View Composer can generate and preserve local computer security identifiers (SIDs) for linked-clone virtual machines in some situations. View Composer can preserve globally unique identifiers (GUIDs) of third-party applications, depending on the way that the applications generate GUIDs.
To understand how View Composer operations affect SIDs and application GUIDs, you should understand how linked-clone machines are created and provisioned:
- View Composer creates a linked clone by taking these actions:
- Creates the replica by cloning the parent virtual-machine snapshot.
- Creates the linked clone to refer to the replica as its parent disk.
- View Composer and View customize the linked clone with QuickPrep or a Sysprep customization specification, depending on which customization tool you select when you create the pool.
- If you use Sysprep, a unique SID is generated for each clone.
- If you use QuickPrep, no new SID is generated. The parent virtual machine's SID is replicated on all provisioned linked-clone machines in the pool.
- Some applications generate a GUID during customization.
- View creates a snapshot of the linked clone.
The snapshot contains the unique SID generated with Sysprep or common SID generated with QuickPrep.
- View powers on the machine according to the settings you select when you create the pool.
Some applications generate a GUID the first time the machine is powered on.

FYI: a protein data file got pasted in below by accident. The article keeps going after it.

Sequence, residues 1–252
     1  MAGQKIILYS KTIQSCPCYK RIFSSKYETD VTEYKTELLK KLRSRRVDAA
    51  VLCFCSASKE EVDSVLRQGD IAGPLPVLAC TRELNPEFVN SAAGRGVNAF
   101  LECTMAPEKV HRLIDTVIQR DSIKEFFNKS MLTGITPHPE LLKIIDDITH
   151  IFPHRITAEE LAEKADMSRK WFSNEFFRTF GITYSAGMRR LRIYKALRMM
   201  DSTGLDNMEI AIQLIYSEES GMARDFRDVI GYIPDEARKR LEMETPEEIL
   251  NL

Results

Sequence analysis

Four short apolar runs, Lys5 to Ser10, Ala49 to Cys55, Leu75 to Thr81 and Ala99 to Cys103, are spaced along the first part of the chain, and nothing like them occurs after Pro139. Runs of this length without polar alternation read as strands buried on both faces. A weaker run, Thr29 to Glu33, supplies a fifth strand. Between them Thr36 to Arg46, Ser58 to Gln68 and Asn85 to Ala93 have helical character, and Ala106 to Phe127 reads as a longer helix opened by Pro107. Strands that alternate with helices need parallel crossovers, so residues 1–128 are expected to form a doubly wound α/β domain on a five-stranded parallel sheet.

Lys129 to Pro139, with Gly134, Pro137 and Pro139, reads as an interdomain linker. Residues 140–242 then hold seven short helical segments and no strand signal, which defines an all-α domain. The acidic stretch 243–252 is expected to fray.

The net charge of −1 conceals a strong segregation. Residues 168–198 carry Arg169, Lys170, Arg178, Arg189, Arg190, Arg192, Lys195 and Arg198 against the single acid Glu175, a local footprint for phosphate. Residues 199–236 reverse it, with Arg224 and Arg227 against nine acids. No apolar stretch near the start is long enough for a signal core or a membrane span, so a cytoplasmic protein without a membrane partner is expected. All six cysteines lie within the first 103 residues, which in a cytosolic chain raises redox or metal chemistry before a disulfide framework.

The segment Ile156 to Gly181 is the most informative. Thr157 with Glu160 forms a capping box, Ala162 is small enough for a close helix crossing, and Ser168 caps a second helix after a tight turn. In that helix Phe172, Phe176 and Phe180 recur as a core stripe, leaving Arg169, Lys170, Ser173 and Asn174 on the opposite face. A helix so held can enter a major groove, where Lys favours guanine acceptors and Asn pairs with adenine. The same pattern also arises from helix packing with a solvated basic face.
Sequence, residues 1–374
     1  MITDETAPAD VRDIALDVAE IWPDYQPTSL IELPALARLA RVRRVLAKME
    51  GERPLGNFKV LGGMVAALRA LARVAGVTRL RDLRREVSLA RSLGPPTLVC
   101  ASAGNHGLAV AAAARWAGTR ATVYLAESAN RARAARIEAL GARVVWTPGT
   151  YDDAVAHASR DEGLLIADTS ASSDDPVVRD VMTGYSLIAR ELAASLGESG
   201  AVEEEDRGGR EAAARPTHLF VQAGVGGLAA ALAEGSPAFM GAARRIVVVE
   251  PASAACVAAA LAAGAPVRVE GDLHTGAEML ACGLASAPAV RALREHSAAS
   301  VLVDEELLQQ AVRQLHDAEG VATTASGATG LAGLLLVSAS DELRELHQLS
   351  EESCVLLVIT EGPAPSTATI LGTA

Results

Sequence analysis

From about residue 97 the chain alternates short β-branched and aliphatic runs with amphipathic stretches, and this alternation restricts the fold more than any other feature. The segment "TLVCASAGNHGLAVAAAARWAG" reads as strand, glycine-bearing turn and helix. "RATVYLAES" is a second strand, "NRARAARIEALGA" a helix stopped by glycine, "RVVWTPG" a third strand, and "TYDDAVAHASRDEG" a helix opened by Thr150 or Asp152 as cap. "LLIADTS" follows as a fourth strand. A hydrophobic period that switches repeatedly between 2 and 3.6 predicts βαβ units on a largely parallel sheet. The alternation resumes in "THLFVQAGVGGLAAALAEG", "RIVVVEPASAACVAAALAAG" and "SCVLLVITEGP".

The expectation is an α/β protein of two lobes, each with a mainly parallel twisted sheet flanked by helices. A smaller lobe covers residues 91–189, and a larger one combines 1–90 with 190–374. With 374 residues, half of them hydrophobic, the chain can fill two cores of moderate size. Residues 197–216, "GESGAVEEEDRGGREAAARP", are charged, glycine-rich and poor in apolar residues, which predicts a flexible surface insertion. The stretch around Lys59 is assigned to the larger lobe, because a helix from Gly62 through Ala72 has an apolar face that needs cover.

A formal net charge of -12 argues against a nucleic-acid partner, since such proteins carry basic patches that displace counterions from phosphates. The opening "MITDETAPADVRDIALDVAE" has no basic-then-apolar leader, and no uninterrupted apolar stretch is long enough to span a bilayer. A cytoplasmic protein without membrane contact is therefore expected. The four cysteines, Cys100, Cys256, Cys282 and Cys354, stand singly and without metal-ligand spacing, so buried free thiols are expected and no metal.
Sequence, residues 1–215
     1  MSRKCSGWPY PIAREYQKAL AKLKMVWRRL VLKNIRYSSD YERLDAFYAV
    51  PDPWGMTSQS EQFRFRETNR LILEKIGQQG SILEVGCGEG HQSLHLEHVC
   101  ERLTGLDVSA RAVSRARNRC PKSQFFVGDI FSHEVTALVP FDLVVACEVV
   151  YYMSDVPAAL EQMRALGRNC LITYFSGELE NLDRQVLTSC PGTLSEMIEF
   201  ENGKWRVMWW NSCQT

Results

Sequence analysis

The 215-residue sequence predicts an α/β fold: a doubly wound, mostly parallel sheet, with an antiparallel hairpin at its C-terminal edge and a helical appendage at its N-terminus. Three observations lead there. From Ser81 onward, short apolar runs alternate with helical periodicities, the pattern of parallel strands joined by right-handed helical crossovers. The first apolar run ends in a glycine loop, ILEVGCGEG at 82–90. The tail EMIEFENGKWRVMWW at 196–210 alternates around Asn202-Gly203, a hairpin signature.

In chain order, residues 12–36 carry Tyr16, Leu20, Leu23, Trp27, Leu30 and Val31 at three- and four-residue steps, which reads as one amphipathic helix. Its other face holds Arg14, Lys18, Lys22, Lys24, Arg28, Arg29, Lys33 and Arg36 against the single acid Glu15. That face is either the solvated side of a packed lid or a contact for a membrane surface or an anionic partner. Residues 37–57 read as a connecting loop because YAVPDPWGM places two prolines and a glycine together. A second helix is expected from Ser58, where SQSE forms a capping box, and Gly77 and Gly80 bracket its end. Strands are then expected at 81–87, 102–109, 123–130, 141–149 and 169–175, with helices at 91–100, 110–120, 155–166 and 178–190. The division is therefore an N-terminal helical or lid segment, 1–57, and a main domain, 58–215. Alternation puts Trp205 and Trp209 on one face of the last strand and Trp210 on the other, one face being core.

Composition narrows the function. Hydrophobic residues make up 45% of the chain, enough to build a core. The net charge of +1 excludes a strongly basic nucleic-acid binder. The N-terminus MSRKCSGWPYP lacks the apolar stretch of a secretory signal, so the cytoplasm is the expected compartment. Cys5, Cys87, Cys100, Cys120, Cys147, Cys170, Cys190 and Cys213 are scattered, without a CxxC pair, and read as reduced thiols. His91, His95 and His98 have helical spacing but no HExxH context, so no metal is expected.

For a comparison of QuickPrep and Sysprep customization, see Choosing QuickPrep or Sysprep to Customize Linked-Clone Machines.
When you refresh the linked clone, View Composer uses the snapshot to restore the clone to its initial state. Its SID is preserved.
If you use QuickPrep, when you recompose the linked clone, the parent virtual machine's SID is preserved on the linked clone as long as you select the same parent virtual machine for the recompose operation. If you select a different parent virtual machine for the recomposition, the new parent's SID is replicated on the clone.
If you use Sysprep, a new SID is always generated on the clone. For details, see Recomposing Linked Clones Customized with Sysprep.
Table 1 shows the effect of View Composer operations on linked-clone SIDs and third-party application GUIDs.
|Support for SIDs or GUIDs||Clone Creation||Refresh||Recompose|
|Sysprep: Unique SIDs for linked clones||With Sysprep customization, unique SIDs are generated for linked clones.||Unique SIDs are preserved.||Unique SIDS are not preserved.|
|QuickPrep: Common SIDs for linked clones||With QuickPrep customization, a common SID is generated for all clones in a pool.||Common SID is preserved.||Common SID is preserved.|
|Third-party application GUIDs||Each application behaves differently.
Note: Sysprep and QuickPrep have the same effect on GUID preservation.
|The GUID is preserved if an application generates the GUID before the initial snapshot is taken.
The GUID is not preserved if an application generates the GUID after the initial snapshot is taken.
|Recompose operations do not preserve an application GUID unless the application writes the GUID on the drive specified as a View Composer persistent disk.|